Data-Based Traceability in Gear Manufacturing

The complete chain of gear production includes various steps as the design of macro- and micro geometry, design of manufacturing processes, gear manufacturing and quality control. The performance of a gear is the result of all steps of the process chain from the gear design to gear manufacturing and assembly. Due to space limitations, rising environmental awareness and aspired cost savings, the requirements towards gears in industrial gear production are continuously rising. Furthermore, especially in aerospace industry, failures of relevant components such as gears can endanger human life and bring tremendous image loss to the company. Since all production processes directly influence the geometry und surface characteristics of the gear, modeling and monitoring of gear manufacturing processes offers high potential to avoid scrap parts and failures in operation. Furthermore, an improved predictability of the resulting gear properties before and during manufacturing can reduce the need for cost- and time intensive tests of the gear operation behavior.

In order to predict and prevent gear failure already within the manufacturing process, the concept of data-based traceability can be applied. In this concept, a digital shadow of the workpiece is generated, which evolves with the physical component along the process chain. These aspects are one of the central topics of research on production technology and the focus of research in the recently started Cluster of Excellence “Internet of Production (IoP)” of RWTH Aachen University. The aspired digital shadow consists on the one hand of state of the art simulation models starting at the design phase, continuing during the production chain up to the resulting running behavior. On the other hand, the digital shadow contains physical process data accumulated from the machine control and measurement devices during the machining process and integrated in an intelligent database.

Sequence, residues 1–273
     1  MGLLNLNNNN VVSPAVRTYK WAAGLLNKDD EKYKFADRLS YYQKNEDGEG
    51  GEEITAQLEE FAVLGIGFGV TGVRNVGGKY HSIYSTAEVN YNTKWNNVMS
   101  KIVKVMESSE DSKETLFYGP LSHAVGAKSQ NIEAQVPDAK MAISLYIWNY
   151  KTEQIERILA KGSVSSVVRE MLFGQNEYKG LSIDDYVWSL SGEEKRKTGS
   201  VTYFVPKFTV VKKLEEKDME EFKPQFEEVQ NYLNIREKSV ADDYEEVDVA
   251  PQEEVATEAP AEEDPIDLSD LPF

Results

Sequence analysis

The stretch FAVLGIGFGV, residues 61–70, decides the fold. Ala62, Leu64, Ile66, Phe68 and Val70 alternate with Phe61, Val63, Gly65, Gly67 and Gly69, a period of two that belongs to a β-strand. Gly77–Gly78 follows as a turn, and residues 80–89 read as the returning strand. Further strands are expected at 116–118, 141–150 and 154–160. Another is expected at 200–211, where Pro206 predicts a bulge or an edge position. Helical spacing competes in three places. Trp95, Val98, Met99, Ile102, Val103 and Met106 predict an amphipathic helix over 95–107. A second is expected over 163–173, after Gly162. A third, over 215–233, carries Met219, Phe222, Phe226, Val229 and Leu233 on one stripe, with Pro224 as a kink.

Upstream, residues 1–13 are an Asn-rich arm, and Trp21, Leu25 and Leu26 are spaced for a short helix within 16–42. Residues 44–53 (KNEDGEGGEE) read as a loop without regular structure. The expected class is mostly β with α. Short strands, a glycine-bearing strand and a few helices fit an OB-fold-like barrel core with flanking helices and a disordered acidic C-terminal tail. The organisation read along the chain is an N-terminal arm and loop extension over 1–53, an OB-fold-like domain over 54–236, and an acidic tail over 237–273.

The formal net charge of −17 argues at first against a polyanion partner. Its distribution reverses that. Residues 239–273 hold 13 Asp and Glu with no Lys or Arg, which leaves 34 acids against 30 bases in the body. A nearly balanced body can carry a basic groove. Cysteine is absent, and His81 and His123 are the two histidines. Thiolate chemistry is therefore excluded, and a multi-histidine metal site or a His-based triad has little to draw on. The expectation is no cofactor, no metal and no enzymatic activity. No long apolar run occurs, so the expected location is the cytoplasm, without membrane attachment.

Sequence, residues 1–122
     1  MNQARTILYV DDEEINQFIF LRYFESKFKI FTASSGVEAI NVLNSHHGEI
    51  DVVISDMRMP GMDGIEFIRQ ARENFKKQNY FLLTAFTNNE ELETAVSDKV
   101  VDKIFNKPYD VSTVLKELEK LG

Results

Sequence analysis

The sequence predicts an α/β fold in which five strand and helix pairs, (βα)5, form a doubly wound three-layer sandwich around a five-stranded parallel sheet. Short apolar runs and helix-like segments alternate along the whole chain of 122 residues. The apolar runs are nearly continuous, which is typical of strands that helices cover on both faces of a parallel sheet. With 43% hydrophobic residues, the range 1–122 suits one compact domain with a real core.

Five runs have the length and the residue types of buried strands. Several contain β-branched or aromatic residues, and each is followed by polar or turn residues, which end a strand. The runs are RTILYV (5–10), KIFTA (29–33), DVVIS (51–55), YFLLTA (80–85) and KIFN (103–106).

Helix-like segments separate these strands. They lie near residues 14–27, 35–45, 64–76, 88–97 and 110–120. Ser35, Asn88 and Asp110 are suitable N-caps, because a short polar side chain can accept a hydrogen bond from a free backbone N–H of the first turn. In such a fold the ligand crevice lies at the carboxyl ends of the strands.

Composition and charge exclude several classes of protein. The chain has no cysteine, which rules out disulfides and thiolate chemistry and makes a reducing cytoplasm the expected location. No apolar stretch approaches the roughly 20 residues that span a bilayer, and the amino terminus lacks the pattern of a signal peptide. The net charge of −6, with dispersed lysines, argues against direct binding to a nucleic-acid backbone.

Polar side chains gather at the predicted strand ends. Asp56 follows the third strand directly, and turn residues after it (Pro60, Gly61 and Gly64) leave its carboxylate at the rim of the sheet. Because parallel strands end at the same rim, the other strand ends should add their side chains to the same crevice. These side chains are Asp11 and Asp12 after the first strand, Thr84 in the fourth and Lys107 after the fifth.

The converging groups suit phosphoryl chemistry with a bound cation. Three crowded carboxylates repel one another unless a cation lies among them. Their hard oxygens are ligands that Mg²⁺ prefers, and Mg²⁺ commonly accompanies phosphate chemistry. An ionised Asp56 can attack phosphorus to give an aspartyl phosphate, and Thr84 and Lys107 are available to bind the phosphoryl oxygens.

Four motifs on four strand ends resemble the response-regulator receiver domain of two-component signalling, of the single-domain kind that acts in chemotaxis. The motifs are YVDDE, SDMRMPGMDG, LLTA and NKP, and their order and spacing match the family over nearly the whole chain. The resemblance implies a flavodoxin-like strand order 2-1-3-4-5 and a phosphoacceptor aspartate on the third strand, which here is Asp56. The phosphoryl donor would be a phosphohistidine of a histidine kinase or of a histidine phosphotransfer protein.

The combination of process data with simulative information in real time provides new approaches for the adaptive process control in terms of part functionality and for the analysis of new cause-effect dependencies that have not been covered by existing models. By this means, the digital shadow can support gear production in different aspects. As one example, the standard manufacturing process condition included in the digital shadow can be compared to a current manufacturing process condition represented by measured real-time process data. In this way, inadmissible process conditions can be detected and corrected during the process and therefore, scrap parts and image loss due to component failures can effectively be avoided. Furthermore, if scrap parts or failures do still occur, the digital shadow can contribute to a successful detection of the causes by means of the contained cause-and-effect relationships. By this means, the repeating occurrence of errors can be avoided and the stability of production can be optimized.

Figure 1: Digital shadow in gear production